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A Project of The Annenberg Public Policy Center

Crossroads GPS’ Twisted Tale

An ad from Crossroads GPS leaves the false impression that a Colorado woman “had to go back to work” to pay for health care insurance mandated by the Affordable Care Act. She told a local TV station that her decision to get a job had nothing to do with the health care law.

The Crossroads GPS ad is the latest in the anti-Obamacare genre that feature real people telling not-so-real stories. Richelle McKim of Castle Rock, Colorado, is featured in this ad, which attacks Democratic Sen. Mark Udall for supporting the Affordable Care Act.

McKim says Udall’s vote for the law in December 2009 “has hurt families in Colorado, for small-business owners that are trying to make it and support their families.” Just prior to attacking Udall’s vote, she talks about the risk her husband took to start a company, and the expense of buying health insurance.

“We knew that we needed to find health care,” she says to the soundtrack of slow, mournful piano chords and soft violins. “Because we were a single-income family, we couldn’t afford our plan.” As she speaks about being unable to afford a health plan, the text on the screen reads: “Richelle had to go back to work.”

She never says so, but the impression left by the ad’s deceptive framing is that she had to go back to work in order to afford a health care policy on Connect for Health Colorado, the state website created under the Affordable Care Act to purchase nongroup insurance policies. That’s not what happened.

The state exchange went into operation on Oct. 1, 2013. Under the federal law, all legal U.S. residents — with some exceptions — had to have insurance by the beginning of 2014 or pay a penalty. But she was not forced to buy insurance at unaffordable rates on the individual market, as implied in the ad.

An enterprising local TV station — KDVR, a Fox affiliate — reported that her LinkedIn page shows she worked for her husband’s company, Mission Basement, from July 2008 to May 2010. (Public records confirm that Bryan McKim formed the construction company in March 2008 at the family’s home in Castle Rock, Colorado.) Richelle McKim says on her LinkedIn page that she left Mission Basement to work at Anadarko Petroleum in May 2010 — more than three years before the ACA’s individual mandate took effect. She has worked outside the home continuously since May 2010, and now works for Noble Energy. (We created a PDF of her LinkedIn page, in the event that it is removed from the site, as it was after KDVR reported its story.)

Richelle McKim acknowledged in an interview with KDVR that the federal health care law had nothing to do with her decision to go back to work. “It wasn’t the Affordable Care Act,” she said. “It was just a financial burden, having a single income for so long.”

She also said she got a job outside the home so she could buy health insurance through her employer, which is how most U.S. residents get coverage. Only 5 percent of U.S. residents obtain insurance on the individual market, according to the Kaiser Family Foundation.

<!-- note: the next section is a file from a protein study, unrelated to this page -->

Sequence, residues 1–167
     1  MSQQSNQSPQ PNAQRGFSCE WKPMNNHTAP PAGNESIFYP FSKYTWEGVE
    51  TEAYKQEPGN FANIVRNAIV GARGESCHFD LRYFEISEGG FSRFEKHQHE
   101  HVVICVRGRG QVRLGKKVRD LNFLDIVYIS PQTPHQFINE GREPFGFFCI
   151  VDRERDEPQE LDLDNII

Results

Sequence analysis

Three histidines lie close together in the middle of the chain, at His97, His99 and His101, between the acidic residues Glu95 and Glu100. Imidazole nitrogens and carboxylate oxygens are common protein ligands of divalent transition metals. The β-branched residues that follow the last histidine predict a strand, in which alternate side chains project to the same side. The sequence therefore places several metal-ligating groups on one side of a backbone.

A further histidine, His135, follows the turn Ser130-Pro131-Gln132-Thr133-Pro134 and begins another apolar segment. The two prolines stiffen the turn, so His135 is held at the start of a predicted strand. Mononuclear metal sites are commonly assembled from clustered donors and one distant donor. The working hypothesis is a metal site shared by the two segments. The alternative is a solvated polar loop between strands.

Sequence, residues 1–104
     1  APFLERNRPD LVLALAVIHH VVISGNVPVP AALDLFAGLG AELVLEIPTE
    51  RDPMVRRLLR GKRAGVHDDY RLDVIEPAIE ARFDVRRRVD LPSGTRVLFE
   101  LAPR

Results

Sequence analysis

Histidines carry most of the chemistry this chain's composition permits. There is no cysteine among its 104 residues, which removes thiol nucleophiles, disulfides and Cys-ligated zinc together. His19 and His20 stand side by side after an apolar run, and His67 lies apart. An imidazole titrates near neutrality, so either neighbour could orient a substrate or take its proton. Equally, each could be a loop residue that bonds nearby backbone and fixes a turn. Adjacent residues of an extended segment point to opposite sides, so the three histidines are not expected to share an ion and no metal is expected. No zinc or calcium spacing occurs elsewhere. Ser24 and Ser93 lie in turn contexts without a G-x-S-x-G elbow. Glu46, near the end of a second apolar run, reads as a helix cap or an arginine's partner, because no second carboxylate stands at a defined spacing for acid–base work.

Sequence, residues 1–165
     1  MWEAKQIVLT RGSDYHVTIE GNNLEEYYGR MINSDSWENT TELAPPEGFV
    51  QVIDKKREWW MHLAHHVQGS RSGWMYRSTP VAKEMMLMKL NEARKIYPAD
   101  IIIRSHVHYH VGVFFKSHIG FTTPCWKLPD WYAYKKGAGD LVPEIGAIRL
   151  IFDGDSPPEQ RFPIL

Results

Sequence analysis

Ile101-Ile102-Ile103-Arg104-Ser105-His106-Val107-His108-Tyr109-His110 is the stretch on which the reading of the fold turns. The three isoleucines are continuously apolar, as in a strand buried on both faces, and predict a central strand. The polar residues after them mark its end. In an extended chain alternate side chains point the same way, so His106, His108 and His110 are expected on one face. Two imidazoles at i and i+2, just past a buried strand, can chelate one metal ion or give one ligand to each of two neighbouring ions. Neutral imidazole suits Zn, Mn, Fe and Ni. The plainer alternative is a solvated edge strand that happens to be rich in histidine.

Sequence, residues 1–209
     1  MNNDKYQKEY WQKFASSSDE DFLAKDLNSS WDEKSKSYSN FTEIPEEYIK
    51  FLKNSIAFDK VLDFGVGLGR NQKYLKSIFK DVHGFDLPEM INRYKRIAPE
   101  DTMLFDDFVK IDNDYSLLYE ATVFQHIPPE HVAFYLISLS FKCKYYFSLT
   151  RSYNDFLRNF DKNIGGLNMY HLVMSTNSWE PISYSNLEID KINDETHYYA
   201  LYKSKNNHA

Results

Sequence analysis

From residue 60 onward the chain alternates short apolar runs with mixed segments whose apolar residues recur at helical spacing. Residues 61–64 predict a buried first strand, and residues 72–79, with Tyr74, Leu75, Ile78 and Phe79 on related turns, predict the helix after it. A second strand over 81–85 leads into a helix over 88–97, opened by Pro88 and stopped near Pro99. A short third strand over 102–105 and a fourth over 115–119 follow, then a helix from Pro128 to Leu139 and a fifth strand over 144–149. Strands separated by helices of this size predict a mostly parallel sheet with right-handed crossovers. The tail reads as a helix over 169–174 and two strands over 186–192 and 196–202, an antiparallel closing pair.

KDVR, Aug. 7: When she was working from home, McKim and her young children were covered under her health insurance plan and her husband went without insurance. Adding him to the plan would have cost the family an extra $800 a month because he’d been treated for high blood pressure.

“He had no insurance and that was a very good thing for us,” she said. “We were able to choose if we wanted health insurance or not.”…

McKim’s husband is now covered under her employee plan offered by Noble, which offers medical, dental and prescription insurance plans to its employees; Anadarko, her previous employer, also offers medical plans.

“I went back to work to get benefits,” she said.

McKim defended the ad, telling KDVR that it “captured the heart of my message, which is that entrepreneurship is a risk and when you’re imposing overreaching policies that mandate people have to buy things they can’t afford, it takes that away.”

Starting a business is a risk, but the Affordable Care Act does little to increase that risk. The law exempts companies with fewer than 50 full-time equivalent employees (FTEs) from the requirement that companies pay a penalty if they do not offer health care insurance to their workers. So, the employer mandate that McKim talks about in the interview does not apply to 96 percent of U.S. firms with paid employees, according to the 2010 Census data on the Small Business Administration’s website.

The ACA may actually help small businesses. It provides a temporary, two-year tax credit to companies with fewer than 25 FTEs to help provide insurance to their employees, and it seeks to permanently reduce the cost further by creating the Small Business Health Options Program, which allows companies with up to 50 FTEs to leverage their purchasing power to obtain cheaper rates. The Small Business Administration outlines these and other programs created by the law that are designed to help small companies.

Whether the law on balance is a boon or bust for small businesses is debatable. The National Federation of Independent Business, which says 60 percent of its members have five or fewer employees, opposes the law and went to court to try to stop it from being implemented.

But what is not debatable is that the Crossroads GPS ad misleads Colorado voters. Richelle McKim did not have to “go back to work” because her family “couldn’t afford” Obamacare — as even McKim acknowledges.

— Eugene Kiely